The emergence of Web 2.0
|This is an edited extract from a piece I wrote for the book Digital Culture edited by Glen Creeber & Royston Martin, published December 2008.
When Tim Berners-Lee created the World Wide Web in 1990, he thought of it as a place where people could collaborate to share and build knowledge. He intended that every web browser would be able to edit pages, not just read them.
When I read about this idea in his book Weaving the Web, in 1999, it seemed nice, but rather na´ve, and I had no idea how it could possibly work. Those of us who made our own webpages back in those days spent a lot of time and effort perfecting them in terms of both design and content. So why on earth would we want other people to come along and muck up our work? It seemed like a bizarre prospect.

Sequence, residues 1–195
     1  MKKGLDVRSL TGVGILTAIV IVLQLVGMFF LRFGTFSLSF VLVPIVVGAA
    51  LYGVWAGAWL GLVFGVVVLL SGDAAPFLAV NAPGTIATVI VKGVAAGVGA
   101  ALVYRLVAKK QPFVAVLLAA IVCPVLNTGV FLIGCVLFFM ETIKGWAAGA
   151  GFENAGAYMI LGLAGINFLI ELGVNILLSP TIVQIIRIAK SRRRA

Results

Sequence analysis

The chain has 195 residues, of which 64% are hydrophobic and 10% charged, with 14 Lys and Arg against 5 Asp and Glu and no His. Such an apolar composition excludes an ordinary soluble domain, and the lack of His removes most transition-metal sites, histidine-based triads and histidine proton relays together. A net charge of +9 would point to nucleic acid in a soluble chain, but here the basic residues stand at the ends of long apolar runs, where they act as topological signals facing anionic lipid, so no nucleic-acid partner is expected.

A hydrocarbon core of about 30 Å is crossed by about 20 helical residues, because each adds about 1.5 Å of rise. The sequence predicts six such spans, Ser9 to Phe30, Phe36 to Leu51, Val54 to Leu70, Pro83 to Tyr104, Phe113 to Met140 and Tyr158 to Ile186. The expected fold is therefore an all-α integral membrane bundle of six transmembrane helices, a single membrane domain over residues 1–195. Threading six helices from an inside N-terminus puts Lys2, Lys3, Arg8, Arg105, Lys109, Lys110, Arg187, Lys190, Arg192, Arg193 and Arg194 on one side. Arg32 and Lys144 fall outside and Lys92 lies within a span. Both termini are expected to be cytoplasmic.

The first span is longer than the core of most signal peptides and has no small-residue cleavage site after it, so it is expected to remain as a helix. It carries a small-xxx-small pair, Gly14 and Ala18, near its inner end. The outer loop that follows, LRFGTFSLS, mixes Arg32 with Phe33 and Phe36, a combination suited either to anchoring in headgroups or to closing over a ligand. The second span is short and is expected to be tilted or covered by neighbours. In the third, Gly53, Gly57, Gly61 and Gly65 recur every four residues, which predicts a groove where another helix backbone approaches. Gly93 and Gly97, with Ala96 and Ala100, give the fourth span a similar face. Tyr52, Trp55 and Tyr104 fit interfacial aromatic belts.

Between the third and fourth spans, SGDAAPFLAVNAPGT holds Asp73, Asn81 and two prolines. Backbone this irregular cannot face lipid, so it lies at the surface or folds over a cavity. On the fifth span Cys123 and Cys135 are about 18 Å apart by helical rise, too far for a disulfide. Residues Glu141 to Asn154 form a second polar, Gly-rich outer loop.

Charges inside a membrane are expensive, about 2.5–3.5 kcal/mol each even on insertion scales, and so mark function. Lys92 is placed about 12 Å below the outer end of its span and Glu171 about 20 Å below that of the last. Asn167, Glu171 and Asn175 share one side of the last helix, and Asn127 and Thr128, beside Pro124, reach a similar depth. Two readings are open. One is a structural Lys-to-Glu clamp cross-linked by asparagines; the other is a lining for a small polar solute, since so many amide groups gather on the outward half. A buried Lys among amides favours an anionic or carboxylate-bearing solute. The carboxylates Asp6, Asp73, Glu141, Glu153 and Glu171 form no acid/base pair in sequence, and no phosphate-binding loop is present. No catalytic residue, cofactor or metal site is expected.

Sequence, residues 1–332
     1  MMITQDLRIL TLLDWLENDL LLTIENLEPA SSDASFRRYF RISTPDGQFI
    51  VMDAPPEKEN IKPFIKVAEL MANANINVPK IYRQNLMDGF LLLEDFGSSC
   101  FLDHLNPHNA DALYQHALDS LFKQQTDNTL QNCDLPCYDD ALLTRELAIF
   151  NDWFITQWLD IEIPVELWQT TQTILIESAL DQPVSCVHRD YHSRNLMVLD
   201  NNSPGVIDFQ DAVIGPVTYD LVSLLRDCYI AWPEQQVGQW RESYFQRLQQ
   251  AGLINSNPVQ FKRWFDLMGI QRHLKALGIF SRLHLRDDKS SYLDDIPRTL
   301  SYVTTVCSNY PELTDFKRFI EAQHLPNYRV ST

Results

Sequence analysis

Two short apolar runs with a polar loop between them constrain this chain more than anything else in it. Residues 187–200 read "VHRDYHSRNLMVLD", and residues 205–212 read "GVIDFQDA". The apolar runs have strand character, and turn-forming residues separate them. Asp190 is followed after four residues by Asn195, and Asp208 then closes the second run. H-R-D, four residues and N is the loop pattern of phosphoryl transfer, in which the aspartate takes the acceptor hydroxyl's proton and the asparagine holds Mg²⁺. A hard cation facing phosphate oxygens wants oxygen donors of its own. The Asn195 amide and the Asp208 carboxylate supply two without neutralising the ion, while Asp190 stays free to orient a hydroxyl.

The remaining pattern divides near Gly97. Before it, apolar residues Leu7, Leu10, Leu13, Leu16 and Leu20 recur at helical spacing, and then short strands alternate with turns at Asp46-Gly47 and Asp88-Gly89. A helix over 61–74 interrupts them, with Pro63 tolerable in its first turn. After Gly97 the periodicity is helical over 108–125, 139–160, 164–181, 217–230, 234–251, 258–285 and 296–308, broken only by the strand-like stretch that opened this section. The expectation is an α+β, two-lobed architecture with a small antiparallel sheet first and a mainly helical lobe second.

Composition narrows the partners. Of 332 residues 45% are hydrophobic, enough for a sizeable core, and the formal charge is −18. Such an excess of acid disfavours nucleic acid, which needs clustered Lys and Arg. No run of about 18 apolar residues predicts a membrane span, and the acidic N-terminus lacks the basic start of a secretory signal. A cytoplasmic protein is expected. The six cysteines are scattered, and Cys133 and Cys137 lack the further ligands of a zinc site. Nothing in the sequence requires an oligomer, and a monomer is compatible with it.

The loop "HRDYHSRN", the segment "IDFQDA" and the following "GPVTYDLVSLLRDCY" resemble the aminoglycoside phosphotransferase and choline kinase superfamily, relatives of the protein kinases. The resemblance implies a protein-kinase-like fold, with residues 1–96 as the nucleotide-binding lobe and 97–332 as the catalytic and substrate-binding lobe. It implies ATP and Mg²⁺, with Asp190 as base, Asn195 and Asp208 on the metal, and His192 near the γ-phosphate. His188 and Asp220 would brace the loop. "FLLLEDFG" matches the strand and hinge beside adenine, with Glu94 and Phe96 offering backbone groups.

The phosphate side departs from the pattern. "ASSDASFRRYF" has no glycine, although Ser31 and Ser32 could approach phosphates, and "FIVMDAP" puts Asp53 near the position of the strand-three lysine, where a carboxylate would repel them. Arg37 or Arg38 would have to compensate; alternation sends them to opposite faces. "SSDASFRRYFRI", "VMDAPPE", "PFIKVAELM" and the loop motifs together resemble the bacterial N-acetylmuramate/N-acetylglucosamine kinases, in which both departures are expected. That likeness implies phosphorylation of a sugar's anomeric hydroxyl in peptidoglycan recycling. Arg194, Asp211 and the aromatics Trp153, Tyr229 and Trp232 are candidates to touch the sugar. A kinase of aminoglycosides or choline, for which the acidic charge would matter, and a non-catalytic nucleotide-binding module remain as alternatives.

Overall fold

This was the dominant attitude for almost a decade, and was matched by the fact that nobody had really worked out how web browsers could be used to edit other people's webpages.
More recently, however, there has been considerable excitement about 'Web 2.0' – not actually a sequel to the Web that we know and love, but rather a way of using existing systems in a 'new' way: to bring people together creatively.
Tim O'Reilly, who coined the phrase 'Web 2.0' in 2004, has described it as 'harnessing collective intelligence'. The principle has also been summarised by Eric Schmidt, Google's Chief Executive Officer, as 'Don't fight the internet' – which may sound strange at first: after all, who wants to fight the internet? But the point is spot-on: what he means is 'Don't resist the network', which is what we were doing when we didn't want other people messing up our websites.
In other words, individuals should open themselves to collaborative projects instead of seeking to make and protect their 'own' material. Sometimes, of course, you might want to make your own perfectly-crafted, personal thing, and that's fine too, but 'Web 2.0' reminds us that the possibility of collaboration with the millions of other people out there can be great.
To understand Web 2.0 better, you can read our case study of Wikipedia, which is a 'classic' instance of Web 2.0 in action.